Cause in fact | jrogers | April 23, 2011

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Cause in fact

by jrogers Show/Hide

Cause in fact is a prerequisite for torts liability. It must be more likely than not that but for a liable person's action/omission, the harm would not have occurred. If we cannot prove this “more likely than not” standard, then in most cases the harm is too uncertain for a court to shift liability from where it fell.

However, this standard begins to run into problems in two situations. First, when the standard falls short, yet our intuition and morality tell us that something is clearly wrong. And second, when too much evil occurs and we're unable to sort out which wrong act was the cause in fact.

This playlist attempts to lay out a basic doctrine of cause in fact, without yet worrying about problems of foreseeability. It first looks at Perkins v. Texas and New Orleans Ry. Co., a basic case with clear negligence and obvious harm, but where causation problems prevents recovery.

General Electric Co. v. Joiner and Anderson v. Minneapolis, St. P. & S. St. M. R.R. Co. present situations where there are multiple different causes. In the first, the district court found as a matter of law that expert testimony was not reliable enough to make one specific cause more likely than not. In the other, the court sent it to the jury with very detailed (perhaps incomprehensible?) instructions about how different causes could combine together.

In Litzman v. Humboldt County and Skipworth v. Lead Industries Association, we look at causation when there are multiple defendants and it is not possible to identify which one of them was responsible for the harm, yet harm clearly happened due to the negligence of at least one defendant. Litzman explains the generally accepted theory of alternative liability in which two defendants who both acted negligently but could not both have caused the same harm can each be held liable for 100% of the harm, then left to each other to sort the proper share of responsibility. Skipworth explains the much more controversial theory of market-share liability, which nearly does away with causation entirely in situations where many companies all negligently placed something harmful into the stream of commerce.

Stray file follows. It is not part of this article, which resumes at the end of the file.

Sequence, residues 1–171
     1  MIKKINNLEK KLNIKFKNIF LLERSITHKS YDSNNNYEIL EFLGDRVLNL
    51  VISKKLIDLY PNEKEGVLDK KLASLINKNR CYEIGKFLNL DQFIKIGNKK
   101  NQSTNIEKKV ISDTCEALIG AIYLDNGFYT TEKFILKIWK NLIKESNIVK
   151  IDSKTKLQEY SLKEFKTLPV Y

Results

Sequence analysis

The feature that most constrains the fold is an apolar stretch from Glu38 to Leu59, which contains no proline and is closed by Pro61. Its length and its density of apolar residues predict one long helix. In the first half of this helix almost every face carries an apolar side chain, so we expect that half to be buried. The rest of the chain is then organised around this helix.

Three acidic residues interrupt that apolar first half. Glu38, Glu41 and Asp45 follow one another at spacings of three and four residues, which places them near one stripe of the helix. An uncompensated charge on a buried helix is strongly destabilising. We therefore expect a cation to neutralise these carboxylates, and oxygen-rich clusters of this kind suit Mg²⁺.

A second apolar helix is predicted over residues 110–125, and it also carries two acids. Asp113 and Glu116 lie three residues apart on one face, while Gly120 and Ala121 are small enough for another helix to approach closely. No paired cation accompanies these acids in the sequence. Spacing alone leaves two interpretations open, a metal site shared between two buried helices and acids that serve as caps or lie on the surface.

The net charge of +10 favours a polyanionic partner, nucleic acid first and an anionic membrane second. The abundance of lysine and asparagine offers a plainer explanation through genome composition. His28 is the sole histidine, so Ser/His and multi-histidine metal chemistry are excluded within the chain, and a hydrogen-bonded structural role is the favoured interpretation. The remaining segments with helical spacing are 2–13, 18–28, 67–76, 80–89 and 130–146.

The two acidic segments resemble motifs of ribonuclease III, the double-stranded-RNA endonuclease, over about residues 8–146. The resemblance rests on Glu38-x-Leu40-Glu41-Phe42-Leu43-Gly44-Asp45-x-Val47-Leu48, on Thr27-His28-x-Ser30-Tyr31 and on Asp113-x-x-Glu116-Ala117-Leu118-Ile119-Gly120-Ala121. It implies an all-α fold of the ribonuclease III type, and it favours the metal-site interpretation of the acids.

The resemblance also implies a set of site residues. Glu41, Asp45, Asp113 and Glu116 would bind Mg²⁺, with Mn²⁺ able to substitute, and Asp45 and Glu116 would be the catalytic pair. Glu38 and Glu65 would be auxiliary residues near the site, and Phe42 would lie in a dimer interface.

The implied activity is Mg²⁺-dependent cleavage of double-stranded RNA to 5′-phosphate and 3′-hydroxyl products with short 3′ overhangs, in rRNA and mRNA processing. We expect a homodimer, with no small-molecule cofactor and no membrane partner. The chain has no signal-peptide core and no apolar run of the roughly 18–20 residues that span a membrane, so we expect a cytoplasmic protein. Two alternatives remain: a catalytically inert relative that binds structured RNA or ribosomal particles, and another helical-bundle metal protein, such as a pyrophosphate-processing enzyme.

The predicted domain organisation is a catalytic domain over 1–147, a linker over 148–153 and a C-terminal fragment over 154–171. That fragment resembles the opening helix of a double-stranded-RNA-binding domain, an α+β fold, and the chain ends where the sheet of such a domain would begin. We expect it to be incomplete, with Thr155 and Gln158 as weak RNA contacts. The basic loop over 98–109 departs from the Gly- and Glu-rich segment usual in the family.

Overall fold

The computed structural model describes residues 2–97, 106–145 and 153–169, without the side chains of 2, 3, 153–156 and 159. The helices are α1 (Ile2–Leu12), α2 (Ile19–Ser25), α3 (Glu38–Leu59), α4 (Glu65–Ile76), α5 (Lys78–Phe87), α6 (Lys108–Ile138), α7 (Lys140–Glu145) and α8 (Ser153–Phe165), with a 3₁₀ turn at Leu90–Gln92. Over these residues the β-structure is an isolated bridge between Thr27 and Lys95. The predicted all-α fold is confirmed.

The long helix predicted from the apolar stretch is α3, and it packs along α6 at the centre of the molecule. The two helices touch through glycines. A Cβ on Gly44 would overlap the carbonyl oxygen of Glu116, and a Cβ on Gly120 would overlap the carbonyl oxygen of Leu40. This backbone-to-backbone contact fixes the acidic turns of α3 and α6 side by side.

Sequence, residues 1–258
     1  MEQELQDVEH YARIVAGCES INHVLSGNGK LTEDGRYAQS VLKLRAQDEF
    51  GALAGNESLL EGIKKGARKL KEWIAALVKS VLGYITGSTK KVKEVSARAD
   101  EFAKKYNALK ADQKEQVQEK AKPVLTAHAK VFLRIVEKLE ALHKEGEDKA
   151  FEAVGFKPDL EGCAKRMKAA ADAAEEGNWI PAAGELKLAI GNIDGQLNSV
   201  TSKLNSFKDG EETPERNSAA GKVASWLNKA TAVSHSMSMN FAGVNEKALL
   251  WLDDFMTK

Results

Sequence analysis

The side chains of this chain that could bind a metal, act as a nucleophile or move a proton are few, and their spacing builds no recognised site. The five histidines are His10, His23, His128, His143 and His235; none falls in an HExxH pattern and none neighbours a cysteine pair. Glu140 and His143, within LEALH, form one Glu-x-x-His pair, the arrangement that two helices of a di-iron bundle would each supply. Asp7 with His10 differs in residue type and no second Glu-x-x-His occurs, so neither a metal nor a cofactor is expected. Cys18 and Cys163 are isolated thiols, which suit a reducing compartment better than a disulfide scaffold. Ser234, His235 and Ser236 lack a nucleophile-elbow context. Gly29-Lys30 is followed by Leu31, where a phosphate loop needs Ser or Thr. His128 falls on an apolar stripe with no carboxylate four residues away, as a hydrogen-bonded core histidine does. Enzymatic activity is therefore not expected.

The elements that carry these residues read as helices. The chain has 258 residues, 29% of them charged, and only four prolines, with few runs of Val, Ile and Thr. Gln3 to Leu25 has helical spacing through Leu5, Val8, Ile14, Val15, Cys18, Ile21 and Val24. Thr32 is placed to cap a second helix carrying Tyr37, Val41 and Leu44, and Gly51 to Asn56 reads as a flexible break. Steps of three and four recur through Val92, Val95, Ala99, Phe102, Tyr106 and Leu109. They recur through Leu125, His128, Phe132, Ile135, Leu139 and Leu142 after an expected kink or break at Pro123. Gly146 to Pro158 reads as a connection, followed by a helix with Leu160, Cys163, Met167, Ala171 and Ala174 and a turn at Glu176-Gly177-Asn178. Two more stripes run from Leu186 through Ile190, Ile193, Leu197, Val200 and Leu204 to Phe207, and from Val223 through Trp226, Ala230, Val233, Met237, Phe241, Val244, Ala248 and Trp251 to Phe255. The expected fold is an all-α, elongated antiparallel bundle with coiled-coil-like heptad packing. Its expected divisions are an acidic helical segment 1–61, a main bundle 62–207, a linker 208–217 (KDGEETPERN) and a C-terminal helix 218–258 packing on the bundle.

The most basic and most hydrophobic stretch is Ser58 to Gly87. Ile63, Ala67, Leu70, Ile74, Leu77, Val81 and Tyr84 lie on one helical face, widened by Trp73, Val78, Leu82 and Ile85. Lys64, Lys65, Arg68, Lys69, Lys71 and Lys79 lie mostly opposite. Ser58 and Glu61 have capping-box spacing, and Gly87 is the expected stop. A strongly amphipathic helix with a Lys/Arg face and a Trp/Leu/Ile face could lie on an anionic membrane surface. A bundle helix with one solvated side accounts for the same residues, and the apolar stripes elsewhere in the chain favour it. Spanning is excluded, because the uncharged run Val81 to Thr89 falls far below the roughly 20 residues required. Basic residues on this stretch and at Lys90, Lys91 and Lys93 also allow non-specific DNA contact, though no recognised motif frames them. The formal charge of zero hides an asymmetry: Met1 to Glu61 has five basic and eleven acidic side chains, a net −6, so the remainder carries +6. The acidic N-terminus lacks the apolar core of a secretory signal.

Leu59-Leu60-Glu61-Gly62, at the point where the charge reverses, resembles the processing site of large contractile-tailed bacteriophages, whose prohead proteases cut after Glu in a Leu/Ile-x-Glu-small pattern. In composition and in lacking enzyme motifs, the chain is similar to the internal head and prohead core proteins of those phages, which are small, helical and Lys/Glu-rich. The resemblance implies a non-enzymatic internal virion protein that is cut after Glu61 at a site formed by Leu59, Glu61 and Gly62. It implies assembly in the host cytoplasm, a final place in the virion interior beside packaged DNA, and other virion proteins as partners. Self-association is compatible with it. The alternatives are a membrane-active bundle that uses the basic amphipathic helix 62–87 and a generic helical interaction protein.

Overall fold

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  1. 1 Show/Hide More Perkins v. Texas and New Orleans Ry. Co.
    Original Creator: jrogers
    This case provides a basic introduction to the concept of cause in fact. Harm definitely happened, and it definitely came because a speeding train collided with a car. But, would the accident have happened even if the train did not speed? Did the speeding even make a difference?
  2. 2 Show/Hide More General Electric Co. v. Joiner
    Original Creator: jrogers
    This case presents an example of a situation where there are too many causes in fact. Here, it’s difficult to actually tell what was more likely than not to have caused the plaintiff’s cancer because there were chemicals, smoking, and conflicting scientific evidence that make it unclear what might have caused the lung cancer. This case is also an example of a court making a legal holding that a particular substance did not cause a certain harm, preventing the issue from ever reaching a jury.
  3. 3 Show/Hide More "Two Fires" Anderson v. Minneapolis, St. P. & S. St. M. R.R. Co.
    Original Creator: jrogers
    This case deals with cause in fact liability when it’s clear from the evidence that the defendant railroad did start a fire. The issue is whether it was the railroad’s fire that caused the property damage, whether it was some other fire all by itself, or whether the two fires mixed together and caused the damage.
  4. 4 Show/Hide More Causation and Two Defendants-Litzman v. Humboldt County
    Original Creator: jrogers
    Explosion could not have been the fault of both people, but since we can’t prove which one actually was at fault, we’ll hold them joint and severally liable and let them sort it out later, since the defendants are in the best position to know and provide evidence of who was actually at fault.
  5. 5 Show/Hide More "Market Share Liability" Skipworth v. Lead Industries Association
    Original Creator: jrogers
    This case presents an alternative theory of liability which relaxes the requirements of proximate cause. Although the Pennsylvania court ultimately rejects the theory here, it raises issues of what should happen when there are so many defendants and so much harm that it’s nearly impossible to actually identify which defendant actually caused the harm.
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May 21, 2013

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